Putin’s risk-prone and solid leadership

First, the war has proved that Russian leadership is so risk-prone, solid and obsessed with Ukraine to continue a large-scale, high-intensity attrition war despite its enormous costs in terms of blood and treasure, the limited territorial gains obtained so far and the likely scenario of a military stalemate. For the Kremlin and part of Russian society, the war entails a sort of existential character: the restoration of Russia’s great power status, the rollback of Western influence from the former Soviet Republics, and possibly the wreckage of European and transatlantic unity by leveraging certain governments and/or constituencies within the EU and NATO.

Vladimir Putin has remained in power enhancing both repression and propaganda, despite the sacrifices imposed by the partial military mobilisation and Western economic sanctions, and seems confident to prevail in Ukraine in the long-term should US military support to Kyiv vanish. The recent death of Putin’s principal opponent, Alexei Navalny,[1] represents further, tragic evidence of the regime’s relative strength.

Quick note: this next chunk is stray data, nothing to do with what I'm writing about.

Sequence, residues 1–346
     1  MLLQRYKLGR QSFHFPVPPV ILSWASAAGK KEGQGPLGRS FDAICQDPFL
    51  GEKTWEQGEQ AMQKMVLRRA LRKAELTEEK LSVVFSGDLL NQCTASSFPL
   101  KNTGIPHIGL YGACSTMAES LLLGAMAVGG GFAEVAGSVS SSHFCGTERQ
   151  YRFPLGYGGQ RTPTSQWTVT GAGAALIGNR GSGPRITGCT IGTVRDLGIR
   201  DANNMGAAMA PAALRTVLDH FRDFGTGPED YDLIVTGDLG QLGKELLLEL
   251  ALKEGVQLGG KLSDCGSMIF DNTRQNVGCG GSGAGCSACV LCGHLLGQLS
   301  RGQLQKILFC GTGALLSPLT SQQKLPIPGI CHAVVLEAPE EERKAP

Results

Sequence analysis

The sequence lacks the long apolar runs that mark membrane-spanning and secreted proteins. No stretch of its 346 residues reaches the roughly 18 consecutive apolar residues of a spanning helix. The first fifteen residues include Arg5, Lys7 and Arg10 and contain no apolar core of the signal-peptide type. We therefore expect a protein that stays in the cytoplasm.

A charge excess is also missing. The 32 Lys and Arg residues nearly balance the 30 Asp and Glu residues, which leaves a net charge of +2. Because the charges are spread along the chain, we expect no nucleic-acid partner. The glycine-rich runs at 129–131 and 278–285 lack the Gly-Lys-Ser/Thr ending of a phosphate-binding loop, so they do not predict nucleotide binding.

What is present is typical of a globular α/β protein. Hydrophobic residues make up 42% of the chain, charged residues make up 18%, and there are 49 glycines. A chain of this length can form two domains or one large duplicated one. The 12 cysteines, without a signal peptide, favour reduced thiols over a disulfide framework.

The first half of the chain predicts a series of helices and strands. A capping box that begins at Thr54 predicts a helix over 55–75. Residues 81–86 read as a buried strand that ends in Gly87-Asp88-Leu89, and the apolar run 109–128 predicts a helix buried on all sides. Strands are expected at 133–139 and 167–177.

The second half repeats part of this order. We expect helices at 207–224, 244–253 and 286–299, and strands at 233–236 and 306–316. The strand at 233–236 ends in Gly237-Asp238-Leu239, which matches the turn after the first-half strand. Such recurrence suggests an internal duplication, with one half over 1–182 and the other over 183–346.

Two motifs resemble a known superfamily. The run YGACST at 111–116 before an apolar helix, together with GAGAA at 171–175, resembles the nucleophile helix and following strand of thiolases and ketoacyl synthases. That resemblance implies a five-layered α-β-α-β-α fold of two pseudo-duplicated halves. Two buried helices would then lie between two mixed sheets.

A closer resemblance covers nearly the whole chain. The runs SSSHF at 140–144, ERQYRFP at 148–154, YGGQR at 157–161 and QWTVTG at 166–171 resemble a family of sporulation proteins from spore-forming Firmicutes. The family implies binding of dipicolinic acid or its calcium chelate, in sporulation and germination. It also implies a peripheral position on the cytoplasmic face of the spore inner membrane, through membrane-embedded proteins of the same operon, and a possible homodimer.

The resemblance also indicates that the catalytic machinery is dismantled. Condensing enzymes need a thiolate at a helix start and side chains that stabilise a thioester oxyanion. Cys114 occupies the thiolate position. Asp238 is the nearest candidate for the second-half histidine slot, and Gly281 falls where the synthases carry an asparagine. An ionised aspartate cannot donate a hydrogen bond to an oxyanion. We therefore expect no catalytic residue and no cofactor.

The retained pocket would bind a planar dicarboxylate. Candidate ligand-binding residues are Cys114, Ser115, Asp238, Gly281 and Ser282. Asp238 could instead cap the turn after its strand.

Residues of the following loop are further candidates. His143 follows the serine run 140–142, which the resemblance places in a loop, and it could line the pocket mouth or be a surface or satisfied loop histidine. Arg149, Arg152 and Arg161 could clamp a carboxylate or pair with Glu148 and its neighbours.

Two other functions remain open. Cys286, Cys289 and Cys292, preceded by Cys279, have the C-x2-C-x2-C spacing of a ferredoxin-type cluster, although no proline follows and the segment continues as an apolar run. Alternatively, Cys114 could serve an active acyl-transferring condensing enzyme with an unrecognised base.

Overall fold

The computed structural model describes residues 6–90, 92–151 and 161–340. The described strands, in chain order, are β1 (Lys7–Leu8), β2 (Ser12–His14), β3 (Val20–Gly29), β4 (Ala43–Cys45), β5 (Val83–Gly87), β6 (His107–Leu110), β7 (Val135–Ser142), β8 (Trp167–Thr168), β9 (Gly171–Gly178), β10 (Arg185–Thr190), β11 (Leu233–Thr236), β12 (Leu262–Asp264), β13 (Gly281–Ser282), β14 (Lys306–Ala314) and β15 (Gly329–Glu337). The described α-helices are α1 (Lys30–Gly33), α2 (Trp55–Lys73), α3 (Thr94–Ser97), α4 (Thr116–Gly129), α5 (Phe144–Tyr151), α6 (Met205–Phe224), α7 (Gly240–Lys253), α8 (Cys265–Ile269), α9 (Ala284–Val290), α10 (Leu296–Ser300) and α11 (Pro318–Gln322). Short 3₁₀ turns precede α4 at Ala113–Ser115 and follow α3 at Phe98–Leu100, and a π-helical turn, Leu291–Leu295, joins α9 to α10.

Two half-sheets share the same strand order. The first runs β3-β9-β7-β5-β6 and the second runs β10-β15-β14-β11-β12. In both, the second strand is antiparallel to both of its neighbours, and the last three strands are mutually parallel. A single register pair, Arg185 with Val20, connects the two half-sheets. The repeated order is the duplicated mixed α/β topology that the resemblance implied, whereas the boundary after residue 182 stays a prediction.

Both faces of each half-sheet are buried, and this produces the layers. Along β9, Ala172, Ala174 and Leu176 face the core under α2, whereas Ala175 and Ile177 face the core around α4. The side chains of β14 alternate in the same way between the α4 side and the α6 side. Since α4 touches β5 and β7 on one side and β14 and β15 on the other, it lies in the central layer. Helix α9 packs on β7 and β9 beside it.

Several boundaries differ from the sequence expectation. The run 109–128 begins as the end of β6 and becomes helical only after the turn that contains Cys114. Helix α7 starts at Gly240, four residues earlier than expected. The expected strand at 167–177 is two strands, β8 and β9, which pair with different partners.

Russia’s initial mistakes and subsequent adjustment

Second, Russia initially miscalculated several key factors, including the resilience of Ukraine as a country, the strengths of its own armed forces, and the military and economic support provided by the US, Europe and like-minded countries to Kyiv. Moscow also made a number of mistakes in terms of war planning and execution, at both strategic and tactical levels, ranging from scarce unity of command – epitomised by the Wagner drama – to poor logistics, training and doctrines.[2]

Nevertheless, Russia adapted to the initial failures and compensated for miscalculations and mistakes with the mobilisation and sacrifice of its human and material resources[3] to a level well beyond the Cold War – including the Soviet invasion of Afghanistan. This contributed to a military stalemate on the ground since 2023. Notably, Russia is spending about 6 per cent of its GDP on its military, a level far below the usual average for countries at war, and neither side has resorted to full wartime mobilisation. That means Moscow is willing and able to stay the course despite the initial mistakes and to massively draw on its society, something to bear in mind in the West should escalation between Russia and NATO take place.